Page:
Picture of Athena and Parthenos: photo archive of the Archaeological Museum of Kavala

photo archive of the Archaeological Museum of Kavala

In approximately the middle of the 4th century BC, Neapolis came under threat of losing its independence to the local Thracian leaders but also, above all, to the king of Macedon, Philip II, father of Alexander the Great. The city therefore turned to its powerful ally of Athens to help it face off the challenges.

In 355 BC, Neapolis sent two ambassadors to Athens – Demosthenes Theoxenus and Dioscurides Ameipsios – who were welcomed with the full honours that were due to consuls and benefactors. This event has come down to us thanks to an Athenian vote that was recorded on a stele, or column. The upper part of the stele is decorated with a valuable relief of the figure of the goddess Parthenos, the patron of Neapolis, clasping hands with the goddess Athena. This vote is today exhibited in the National Archaeological Museum, and there is also a copy of it in the Archaeological Museum of Kavala.

The 20 Athenian triremes that came to the aid of Neapolis and the struggle of its citizens were not enough to fend off the Macedonian king. After the city was conquered and Philippi founded, Neapolis was gradually reduced to the status of port of the powerful Macedonian city of Philippi.


Part of Via Egnatia - Photo by EOS Kavala

Photo by EOS Kavala

The Via Egnatia was one of the largest military and commercial roads of the ancient world. It was built between 146 and 120 BC by the Gnaeus Egnatius, the proconsul of Macedonia, over the traces of the very old road that traversed Macedonia and Thrace from east to west.

According to Thucydides, the main and busiest section of the ancient road was the “lower road”, which came from Byzantium, passed through Eastern Macedonia, and led towards today’s Thermi in the region of Thessaloniki. From Thermi, it forked out into two branches, one of which led to Southern Greece and the other crossed Macedonia and Illyria, and followed the direction of the later Via Egnatia, to reach Dyrrachium. This was the road followed by the troops of Darius and Xerxes in the Persian campaigns against Greece in the early 5th century BC. The same road was followed by Alexander the Great in his campaign that took him from Europe to Asia. The Via Egnatia was to a great degree identified with this earlier road.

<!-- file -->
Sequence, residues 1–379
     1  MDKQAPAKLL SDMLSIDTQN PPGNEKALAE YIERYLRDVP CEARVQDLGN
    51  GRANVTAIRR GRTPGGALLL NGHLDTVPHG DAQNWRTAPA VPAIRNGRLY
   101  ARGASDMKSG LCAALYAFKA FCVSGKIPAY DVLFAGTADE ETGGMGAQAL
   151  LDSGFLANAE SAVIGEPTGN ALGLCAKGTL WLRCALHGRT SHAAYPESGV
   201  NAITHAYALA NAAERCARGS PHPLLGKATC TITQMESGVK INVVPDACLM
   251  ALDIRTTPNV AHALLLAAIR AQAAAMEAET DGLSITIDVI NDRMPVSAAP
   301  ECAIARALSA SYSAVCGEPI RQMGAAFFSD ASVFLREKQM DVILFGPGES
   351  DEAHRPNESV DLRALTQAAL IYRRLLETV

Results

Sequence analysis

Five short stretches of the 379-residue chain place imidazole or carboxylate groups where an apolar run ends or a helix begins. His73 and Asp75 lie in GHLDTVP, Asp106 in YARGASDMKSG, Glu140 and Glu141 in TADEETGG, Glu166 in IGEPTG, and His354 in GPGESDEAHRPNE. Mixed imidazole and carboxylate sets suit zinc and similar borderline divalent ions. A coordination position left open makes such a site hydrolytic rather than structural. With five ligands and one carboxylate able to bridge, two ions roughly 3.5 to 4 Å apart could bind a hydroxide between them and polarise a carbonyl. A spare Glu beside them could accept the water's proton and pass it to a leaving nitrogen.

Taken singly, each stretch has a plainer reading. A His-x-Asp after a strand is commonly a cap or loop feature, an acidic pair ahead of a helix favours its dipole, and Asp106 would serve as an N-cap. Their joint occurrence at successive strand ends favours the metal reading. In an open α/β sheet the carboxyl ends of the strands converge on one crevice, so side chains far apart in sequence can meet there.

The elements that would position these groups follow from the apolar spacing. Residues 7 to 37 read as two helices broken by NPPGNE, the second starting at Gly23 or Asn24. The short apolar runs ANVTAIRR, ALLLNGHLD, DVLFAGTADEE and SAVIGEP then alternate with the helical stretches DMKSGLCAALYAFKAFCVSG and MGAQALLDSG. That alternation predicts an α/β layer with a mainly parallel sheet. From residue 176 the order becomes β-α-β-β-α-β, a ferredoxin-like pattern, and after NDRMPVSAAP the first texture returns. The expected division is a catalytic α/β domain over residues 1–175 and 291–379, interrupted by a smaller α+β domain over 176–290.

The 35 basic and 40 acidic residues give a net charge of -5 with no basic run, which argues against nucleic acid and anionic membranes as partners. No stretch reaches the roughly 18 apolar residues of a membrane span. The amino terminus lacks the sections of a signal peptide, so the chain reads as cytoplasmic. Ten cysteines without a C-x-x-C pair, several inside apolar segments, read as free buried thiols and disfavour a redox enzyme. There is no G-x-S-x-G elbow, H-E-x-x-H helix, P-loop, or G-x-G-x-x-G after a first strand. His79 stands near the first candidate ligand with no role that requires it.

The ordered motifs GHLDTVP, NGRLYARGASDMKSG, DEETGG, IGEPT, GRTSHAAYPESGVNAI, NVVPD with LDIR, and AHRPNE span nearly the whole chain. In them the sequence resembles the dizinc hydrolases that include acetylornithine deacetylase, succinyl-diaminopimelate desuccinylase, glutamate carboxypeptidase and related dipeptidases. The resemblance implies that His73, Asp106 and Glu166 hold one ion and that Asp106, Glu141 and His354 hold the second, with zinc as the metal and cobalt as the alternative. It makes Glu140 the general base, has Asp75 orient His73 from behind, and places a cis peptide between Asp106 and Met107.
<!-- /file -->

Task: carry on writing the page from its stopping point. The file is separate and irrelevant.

The Via Egnatia was the first public road that the Romans built outside of Italy. It began from Apollonia and Dyrrachium in Illyria – today’s Albania – and crossed Macedonia as far as the River Nestos. It then passed through Thrace and continued on to the Hellespont and Byzantium. For over 2000 years it was the only good road in this region and played an important role in the fates of Rome, Byzantium and Ottoman Empire.


Part of the location where Battle of Philippi took place - Photo by Dimofelia archive

Photo by Dimofelia archive

In the Roman period Neapolis, as the port of Philippi, evolved into the most important port in the region, and was upgraded to a station on the Via Egnatia, which passed through the city.

In 42 BC one of the most important battles in world history took place here, the famous battle of Philippi, which marked the end of the Roman Republic and the beginning of the Roman Empire. The rivals were, on the one side, Octavian and Mark Anthony and, on the other, Brutus and Cassius, the assassins of Julius Caesar. During the battle of Philippi the port of Philippi was used as the base of the fleet belonging to the Roman democratic faction.


Monument dedicated to Apostle Paul - Photo by Artware

Photo by Artware

In 49 AD, the Apostle Paul disembarked at the port of Neapolis and went to Philippi, where he first taught the message of Christianity in Europe, founded the first Christian church in Europe and baptised Lydia, the first European Christian woman, on the banks of the River Zygaktis. The gradual passing from ancient Neapolis to Byzantine Christoupolis took place slowly but surely. Neapolis progressively gave its name and place to Christoupolis.


Kavala Fortress - Photo by Achilleas Savvopoulos

Photo by Achilleas Savvopoulos

The Byzantines changed the name of ancient Neapolis to Christoupolis. The precise year in which this happened remains unknown. The earliest appearances of the new name in the historical sources are from the 8th and 9th centuries.